On July 1, over 10,000 Canadians participated in 10 events across the country to help support Canada's amateur athletes in the 3rd Annual Hbc Run for Canada. Joining them were over 150 of Canada's most accomplished athletes including Deidra Dionne (freestyle skiing, Red Deer, AB), Colleen Sostorics (hockey, Kennedy, SK) and Ryan Cuthbert (canoe/kayak, Carleton Place, ON). Pledges are still coming in and the final proceeds are expected to be available in September. All net proceeds from the events will go towards supporting Canadian athletes striving to reach the podium at the Olympic, Paralympic, Commonwealth and Pan Am Games between now and 2012.

Thursday, August 03, 2006

Have I Mentioned I Hate Camping?

Well, I'm still facing at least one more trip to begin the last week of August. Argh!

But this time, I believe I'll try to be better prepared and bring the above, if I can locate it. I recently read in a newsletter I subscribe to (It's called "Ideal Bite" and they sell themselves as "A Sassier Shade of Green". Well, I'm nothing if not sassy!) that deet might be damaging to brain cells.

Fabulous. And here I bathed in it last weekend. And it didn't work worth a damn anyway, as evidence from the 15 or so unsightly lumps on my arms and legs.

In any event, in light of my recent success with Aubrey's shaving cream, I'm going to try to find Burt's bug repellent as recommended. It's deetless so it shouldn't make me any dumber than I already am. I'm optimistic here. Do right by me, Burt!

Tuesday, August 01, 2006

Rock, Roll, Recycle.

From the Toronto Star:

...a growing number of artists and promoters are working in various ways to minimize the negative environmental impact of the rock and roll road show. While it's too early for anyone to declare this a decisive moment in the Greening of Rock, the summer of 2006 might well be remembered as a significant milestone in the evolution of what some see as a necessary — even inevitable — trend.

Concerts ranging from the Dave Matthews Band to the Vans Warped tour are taking the lead on environmental initiatives, from solar-powered stages to biodegradable beer cups.
The Dave Matthews Band, which stopped at the Molson Amphitheatre in June, has vowed to offset 100 per cent of CO2 emissions from all of its past touring, dating back to 1991, by donating to Native Energy, a renewable energy supplier. Other bands, including the Rolling Stones, which pioneered the idea in 2003, are also at the forefront of "carbon neutral" touring, which involves balancing its CO2 output by investing in tree planting and renewable energy sources.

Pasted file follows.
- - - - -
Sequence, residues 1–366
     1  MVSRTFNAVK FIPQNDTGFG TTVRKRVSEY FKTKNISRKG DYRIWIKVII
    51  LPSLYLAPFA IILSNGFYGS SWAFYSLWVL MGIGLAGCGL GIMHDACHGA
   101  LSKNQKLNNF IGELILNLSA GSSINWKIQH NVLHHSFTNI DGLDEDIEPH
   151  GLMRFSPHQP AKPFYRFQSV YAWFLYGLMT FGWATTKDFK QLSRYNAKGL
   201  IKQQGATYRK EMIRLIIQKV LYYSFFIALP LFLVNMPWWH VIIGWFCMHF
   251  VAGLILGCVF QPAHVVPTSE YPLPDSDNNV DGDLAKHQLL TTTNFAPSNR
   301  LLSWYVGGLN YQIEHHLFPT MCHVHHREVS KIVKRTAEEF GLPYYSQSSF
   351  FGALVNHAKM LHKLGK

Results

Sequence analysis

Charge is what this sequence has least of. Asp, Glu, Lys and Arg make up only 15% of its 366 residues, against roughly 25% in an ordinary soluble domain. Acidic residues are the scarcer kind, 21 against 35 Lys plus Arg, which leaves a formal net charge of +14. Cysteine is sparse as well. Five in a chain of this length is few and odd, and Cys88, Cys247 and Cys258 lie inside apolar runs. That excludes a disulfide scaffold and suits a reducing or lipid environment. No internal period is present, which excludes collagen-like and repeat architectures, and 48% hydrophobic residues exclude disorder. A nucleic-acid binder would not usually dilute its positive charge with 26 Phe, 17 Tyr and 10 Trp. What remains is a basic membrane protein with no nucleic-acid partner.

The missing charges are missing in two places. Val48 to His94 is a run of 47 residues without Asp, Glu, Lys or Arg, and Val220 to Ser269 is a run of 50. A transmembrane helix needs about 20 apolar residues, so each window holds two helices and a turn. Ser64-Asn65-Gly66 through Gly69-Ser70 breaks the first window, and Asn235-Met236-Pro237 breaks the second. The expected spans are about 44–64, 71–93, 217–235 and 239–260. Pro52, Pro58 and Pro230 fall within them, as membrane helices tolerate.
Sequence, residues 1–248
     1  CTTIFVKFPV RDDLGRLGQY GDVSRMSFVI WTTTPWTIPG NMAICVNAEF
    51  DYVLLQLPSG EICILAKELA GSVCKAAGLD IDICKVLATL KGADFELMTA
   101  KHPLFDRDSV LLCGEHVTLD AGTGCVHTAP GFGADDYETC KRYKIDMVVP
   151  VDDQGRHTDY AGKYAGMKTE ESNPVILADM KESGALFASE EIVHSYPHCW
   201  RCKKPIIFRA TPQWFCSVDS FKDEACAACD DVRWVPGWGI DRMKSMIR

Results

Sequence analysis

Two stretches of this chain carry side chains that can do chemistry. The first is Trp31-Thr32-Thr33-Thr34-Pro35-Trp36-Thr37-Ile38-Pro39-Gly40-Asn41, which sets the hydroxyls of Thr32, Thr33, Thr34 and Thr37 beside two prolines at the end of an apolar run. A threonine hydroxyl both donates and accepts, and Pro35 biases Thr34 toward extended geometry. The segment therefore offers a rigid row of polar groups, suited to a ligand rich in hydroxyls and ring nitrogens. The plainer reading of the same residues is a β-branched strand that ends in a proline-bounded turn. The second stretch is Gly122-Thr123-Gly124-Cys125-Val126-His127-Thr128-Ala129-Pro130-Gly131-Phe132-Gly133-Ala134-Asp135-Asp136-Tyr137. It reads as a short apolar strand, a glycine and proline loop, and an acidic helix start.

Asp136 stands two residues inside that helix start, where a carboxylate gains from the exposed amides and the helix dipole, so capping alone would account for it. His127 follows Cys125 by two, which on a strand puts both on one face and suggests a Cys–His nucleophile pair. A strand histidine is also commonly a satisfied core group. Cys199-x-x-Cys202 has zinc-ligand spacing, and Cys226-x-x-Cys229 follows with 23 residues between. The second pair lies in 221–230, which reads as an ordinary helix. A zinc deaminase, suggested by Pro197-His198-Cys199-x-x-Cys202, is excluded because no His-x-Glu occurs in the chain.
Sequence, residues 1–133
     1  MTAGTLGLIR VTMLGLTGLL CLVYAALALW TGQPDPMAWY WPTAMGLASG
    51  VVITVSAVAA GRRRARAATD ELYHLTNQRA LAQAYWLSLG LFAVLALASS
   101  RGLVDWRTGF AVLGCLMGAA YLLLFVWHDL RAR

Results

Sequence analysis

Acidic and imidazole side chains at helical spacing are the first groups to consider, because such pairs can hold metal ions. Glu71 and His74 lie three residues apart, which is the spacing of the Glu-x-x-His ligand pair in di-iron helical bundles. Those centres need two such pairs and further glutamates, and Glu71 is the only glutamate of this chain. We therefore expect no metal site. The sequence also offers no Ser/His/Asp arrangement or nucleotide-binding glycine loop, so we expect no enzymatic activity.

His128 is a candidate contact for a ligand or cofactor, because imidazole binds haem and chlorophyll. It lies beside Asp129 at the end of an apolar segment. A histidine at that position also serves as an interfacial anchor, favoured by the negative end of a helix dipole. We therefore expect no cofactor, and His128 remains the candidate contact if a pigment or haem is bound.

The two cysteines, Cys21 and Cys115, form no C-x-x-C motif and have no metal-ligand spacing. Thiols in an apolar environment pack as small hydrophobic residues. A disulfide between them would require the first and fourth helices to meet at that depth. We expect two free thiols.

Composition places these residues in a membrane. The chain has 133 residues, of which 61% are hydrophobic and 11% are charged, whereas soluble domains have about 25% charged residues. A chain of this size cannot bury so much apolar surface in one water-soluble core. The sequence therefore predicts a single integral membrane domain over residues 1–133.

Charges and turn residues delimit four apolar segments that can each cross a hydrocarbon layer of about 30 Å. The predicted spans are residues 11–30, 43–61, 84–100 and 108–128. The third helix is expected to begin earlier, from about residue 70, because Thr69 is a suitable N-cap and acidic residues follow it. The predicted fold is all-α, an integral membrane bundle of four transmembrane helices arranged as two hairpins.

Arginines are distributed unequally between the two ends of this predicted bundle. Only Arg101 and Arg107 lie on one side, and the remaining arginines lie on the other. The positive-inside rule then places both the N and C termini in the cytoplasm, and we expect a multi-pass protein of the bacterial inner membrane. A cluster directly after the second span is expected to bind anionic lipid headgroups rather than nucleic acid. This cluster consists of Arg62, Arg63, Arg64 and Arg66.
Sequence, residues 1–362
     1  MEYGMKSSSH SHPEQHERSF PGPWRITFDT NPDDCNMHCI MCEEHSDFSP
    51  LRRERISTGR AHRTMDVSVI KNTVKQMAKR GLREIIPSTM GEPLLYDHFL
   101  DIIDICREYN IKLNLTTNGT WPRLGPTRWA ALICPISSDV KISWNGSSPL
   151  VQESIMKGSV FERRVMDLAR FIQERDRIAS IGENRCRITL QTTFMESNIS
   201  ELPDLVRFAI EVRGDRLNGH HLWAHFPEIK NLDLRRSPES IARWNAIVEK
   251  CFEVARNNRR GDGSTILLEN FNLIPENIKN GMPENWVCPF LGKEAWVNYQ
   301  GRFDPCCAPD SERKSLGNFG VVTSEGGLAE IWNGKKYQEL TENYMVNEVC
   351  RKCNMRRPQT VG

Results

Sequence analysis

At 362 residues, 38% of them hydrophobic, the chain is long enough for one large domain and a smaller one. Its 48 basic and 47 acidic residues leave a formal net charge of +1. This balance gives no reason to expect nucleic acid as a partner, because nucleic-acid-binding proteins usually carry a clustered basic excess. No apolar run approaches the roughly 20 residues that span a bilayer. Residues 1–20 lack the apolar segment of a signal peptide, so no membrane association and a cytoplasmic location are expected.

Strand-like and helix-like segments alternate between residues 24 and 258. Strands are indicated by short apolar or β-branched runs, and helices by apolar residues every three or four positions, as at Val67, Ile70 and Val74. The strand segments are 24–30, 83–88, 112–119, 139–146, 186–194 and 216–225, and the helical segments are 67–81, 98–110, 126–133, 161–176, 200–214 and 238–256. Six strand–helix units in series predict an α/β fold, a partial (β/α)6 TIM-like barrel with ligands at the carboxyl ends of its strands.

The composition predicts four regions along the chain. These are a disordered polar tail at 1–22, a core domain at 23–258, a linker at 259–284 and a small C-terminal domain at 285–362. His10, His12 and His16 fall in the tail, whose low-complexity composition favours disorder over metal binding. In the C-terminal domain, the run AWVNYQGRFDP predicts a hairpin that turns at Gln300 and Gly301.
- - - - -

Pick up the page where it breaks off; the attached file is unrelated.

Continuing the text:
When Crosby, Stills, Nash and Young rolled into the Air Canada Centre last month, they did so on buses powered by vegetable-based biodiesel. The practice is favoured by a slew of other bands, including another recent ACC visitor, Pearl Jam, which this year announced a Carbon Portfolio Strategy that would see the band contribute $100,000 (U.S.) to initiatives promoting renewable energy. Melissa Etheridge, who plays the Hummingbird Centre next month, is another biodiesel proponent.

The kilowatts consumed by last month's Tragically Hip dates at Fort York — performed to a total of 15,000 fans over two nights — were replaced on the electricity grid by Bullfrog Power, an Ontario provider that gets its energy from wind farms and Environment Canada-certified low-impact hydro. Fans also drank from biodegradable beer cups.

Full article

While We're on the Subject of Sucking, So Does Camping.

Argh. I hate camping.

Yes, it's quality time with the wife without the distraction of television (in her case) or the computer (in mine). But at home, I'm also not distracted by being bled dry by mosquitos piercing through my coating blend of sweat and grime. I also get a decent night's sleep nine times out of ten, as opposed to reverse being true when I'm out in the woods with a wiener dog who's facinated by chipmunks.

There is one thing that might help make the whole a little less sucktastic, and that would be to allow dogs on beaches. Or at least have a beach for dog owners. I believe I'm going to get on my little soap box about that and contact the fine folks at Ontario Parks about it.

Is it a safety issue? I doubt it, because a kid could be mauled on any part of the camp grounds. Is it a sanitation issue? I doubt it, unless you somehow are more willing to ignore birds crapping on the beach and in the water. And don't kid yourself; that warm spot in the water next to the six-year old with the weird look on his face didn't get there by itself.

So what is it? The best way to find out is to ask. And I believe I'll do just that! By God, let my wiener be free!!

Eh eh eh...wiener dog jokes NEVER get old...